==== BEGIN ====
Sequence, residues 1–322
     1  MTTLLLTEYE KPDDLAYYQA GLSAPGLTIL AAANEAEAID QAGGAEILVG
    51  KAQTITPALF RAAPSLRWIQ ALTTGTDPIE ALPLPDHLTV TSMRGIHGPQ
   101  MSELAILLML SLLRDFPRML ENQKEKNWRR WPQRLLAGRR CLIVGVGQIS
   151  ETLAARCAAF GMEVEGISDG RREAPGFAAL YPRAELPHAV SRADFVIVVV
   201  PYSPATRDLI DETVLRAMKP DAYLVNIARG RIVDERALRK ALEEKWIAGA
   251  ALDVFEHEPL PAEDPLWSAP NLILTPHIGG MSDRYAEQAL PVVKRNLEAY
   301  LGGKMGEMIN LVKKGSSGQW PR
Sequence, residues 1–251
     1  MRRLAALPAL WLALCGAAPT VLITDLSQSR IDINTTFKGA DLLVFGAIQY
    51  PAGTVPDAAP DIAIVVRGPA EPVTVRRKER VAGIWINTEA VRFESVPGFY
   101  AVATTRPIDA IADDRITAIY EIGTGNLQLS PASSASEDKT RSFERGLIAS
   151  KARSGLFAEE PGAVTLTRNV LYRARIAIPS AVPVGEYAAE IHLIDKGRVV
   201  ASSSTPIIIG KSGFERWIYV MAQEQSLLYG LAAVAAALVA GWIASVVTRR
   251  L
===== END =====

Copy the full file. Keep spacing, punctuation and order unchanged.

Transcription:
Sequence, residues 1–322
     1  MTTLLLTEYE KPDDLAYYQA GLSAPGLTIL AAANEAEAID QAGGAEILVG
    51  KAQTITPALF RAAPSLRWIQ ALTTGTDPIE ALPLPDHLTV TSMRGIHGPQ
   101  MSELAILLML SLLRDFPRML ENQKEKNWRR WPQRLLAGRR CLIVGVGQIS
   151  ETLAARCAAF GMEVEGISDG RREAPGFAAL YPRAELPHAV SRADFVIVVV
   201  PYSPATRDLI DETVLRAMKP DAYLVNIARG RIVDERALRK ALEEKWIAGA
   251  ALDVFEHEPL PAEDPLWSAP NLILTPHIGG MSDRYAEQAL PVVKRNLEAY
   301  LGGKMGEMIN LVKKGSSGQW PR
Sequence, residues 1–251
     1  MRRLAALPAL WLALCGAAPT VLITDLSQSR IDINTTFKGA DLLVFGAIQY
    51  PAGTVPDAAP DIAIVVRGPA EPVTVRRKER VAGIWINTEA VRFESVPGFY
   101  AVATTRPIDA IADDRITAIY EIGTGNLQLS PASSASEDKT RSFERGLIAS
   151  KARSGLFAEE PGAVTLTRNV LYRARIAIPS AVPVGEYAAE IHLIDKGRVV
   201  ASSSTPIIIG KSGFERWIYV MAQEQSLLYG LAAVAAALVA GWIASVVTRR
   251  L